Double frozen fish is generally frozen whole, thawed out for processing and then re-frozen before sold to the end consumer. Because of the varying widths and heights along the body, whole fish does not thaw uniformly. When you add to that the fact that processing facilities do not have time to slow thaw the fish, they are left with one solution, “rapid thaw”. The whole fish is force thawed in chilled water. This rapid thaw breaks down the cellular structure of the meat before it is filleted. With the cell walls already broken down, the filleting and subsequent freezing then causes further damage to the cellular structure of the fish. This can be easily observed during the thawing process prior to cooking. A double frozen fish having so many damaged cells has an enormous amount of “purge” after thawing. Frozen at sea fillets will purge 5-6% of their weight, very good land frozen fillets might purge 8-12% while soft textured land frozen fillets will purge over 15% of their weight!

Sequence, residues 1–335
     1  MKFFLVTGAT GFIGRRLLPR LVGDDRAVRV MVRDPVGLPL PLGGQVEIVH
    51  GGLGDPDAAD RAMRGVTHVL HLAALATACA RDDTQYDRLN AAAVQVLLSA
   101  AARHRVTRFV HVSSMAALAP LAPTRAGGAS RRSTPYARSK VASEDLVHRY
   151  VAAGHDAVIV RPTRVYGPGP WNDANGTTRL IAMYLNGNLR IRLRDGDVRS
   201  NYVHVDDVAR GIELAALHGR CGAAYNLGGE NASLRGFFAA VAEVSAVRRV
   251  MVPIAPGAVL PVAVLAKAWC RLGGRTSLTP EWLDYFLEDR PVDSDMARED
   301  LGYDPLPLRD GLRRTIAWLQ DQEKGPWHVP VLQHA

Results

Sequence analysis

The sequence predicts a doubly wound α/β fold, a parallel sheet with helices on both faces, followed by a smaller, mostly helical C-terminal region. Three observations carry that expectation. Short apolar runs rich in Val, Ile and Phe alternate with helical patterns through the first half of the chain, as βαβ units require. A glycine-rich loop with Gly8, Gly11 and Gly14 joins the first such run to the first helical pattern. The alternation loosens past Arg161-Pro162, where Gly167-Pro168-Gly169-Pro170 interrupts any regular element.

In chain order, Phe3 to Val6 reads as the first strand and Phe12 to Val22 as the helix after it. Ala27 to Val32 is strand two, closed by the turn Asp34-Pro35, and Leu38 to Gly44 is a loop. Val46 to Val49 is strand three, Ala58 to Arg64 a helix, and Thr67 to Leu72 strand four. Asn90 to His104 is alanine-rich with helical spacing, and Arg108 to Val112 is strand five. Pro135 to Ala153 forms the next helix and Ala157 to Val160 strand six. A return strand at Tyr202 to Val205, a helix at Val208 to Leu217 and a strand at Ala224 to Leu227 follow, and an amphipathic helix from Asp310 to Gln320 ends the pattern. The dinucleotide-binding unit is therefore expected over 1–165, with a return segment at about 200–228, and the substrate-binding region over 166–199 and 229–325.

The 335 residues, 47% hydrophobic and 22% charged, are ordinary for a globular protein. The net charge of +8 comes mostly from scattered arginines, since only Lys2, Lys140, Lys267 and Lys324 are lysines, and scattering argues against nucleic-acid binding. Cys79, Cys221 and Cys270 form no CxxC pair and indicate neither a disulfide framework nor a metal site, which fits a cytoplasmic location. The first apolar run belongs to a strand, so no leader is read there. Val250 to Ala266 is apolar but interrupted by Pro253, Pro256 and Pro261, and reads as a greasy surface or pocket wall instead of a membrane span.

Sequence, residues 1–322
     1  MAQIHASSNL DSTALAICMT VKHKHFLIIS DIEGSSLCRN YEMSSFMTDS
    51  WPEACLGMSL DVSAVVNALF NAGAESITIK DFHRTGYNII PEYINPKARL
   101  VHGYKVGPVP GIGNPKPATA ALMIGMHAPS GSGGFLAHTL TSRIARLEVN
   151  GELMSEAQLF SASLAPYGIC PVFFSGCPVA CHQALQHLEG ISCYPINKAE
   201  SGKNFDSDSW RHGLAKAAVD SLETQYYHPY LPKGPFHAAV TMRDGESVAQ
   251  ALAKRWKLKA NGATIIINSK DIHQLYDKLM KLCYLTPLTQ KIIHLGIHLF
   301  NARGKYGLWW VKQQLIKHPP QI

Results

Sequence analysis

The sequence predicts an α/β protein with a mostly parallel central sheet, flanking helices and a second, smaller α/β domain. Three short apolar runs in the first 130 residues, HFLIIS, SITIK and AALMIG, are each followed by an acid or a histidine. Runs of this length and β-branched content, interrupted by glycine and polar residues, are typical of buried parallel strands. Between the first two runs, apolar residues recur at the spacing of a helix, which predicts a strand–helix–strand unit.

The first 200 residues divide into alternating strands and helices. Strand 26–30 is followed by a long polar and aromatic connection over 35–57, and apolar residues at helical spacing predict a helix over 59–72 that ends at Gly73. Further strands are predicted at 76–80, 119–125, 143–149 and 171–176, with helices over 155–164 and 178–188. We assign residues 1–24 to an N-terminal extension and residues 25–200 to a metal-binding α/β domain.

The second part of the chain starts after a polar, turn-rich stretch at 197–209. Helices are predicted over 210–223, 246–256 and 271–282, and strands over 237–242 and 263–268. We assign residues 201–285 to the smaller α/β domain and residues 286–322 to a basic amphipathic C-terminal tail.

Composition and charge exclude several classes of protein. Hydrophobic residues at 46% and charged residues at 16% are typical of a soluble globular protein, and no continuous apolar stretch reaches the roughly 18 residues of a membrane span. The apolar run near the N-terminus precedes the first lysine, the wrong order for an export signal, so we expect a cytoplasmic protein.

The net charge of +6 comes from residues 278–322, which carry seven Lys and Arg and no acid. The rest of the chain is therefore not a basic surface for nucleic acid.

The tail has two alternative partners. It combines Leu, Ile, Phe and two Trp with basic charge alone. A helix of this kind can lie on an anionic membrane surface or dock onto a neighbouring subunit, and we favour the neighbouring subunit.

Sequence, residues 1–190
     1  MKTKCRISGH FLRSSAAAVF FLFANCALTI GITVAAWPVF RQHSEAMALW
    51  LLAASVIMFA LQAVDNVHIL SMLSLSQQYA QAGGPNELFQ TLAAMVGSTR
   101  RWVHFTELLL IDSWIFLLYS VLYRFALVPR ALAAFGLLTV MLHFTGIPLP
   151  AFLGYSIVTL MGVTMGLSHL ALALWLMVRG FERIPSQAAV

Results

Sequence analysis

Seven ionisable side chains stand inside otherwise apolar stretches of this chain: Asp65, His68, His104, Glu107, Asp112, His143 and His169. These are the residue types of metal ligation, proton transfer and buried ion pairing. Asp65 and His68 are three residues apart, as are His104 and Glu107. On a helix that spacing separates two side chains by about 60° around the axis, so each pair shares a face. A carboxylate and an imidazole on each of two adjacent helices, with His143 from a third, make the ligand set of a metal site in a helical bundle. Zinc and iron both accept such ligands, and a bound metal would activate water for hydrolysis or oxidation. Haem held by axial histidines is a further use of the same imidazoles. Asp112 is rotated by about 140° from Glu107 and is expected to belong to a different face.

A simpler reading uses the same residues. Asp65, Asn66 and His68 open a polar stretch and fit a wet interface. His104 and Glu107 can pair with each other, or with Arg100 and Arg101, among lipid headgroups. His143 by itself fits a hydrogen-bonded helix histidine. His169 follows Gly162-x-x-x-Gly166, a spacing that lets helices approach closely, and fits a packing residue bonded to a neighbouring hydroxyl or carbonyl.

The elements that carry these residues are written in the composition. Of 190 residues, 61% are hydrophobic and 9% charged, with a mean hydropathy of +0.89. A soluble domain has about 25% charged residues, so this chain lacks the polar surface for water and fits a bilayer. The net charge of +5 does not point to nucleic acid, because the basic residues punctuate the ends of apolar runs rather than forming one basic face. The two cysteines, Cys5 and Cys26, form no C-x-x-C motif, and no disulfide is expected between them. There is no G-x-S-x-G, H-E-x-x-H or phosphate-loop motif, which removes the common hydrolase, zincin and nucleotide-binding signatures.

How exactly is the cellular structure damaged? What happens is that ice particles pierce the membranes of the cell walls causing them to lose moisture and worse, possibly much of their water-soluble proteins and nutrients.
The majority of fin-fish processed like this is cod and Pollock, often from China. Even top quality frozen at sea fish caught in Canada or Alaska is brought to China where it often undergoes the cell damaging rapid thawing, processing and re-freezing.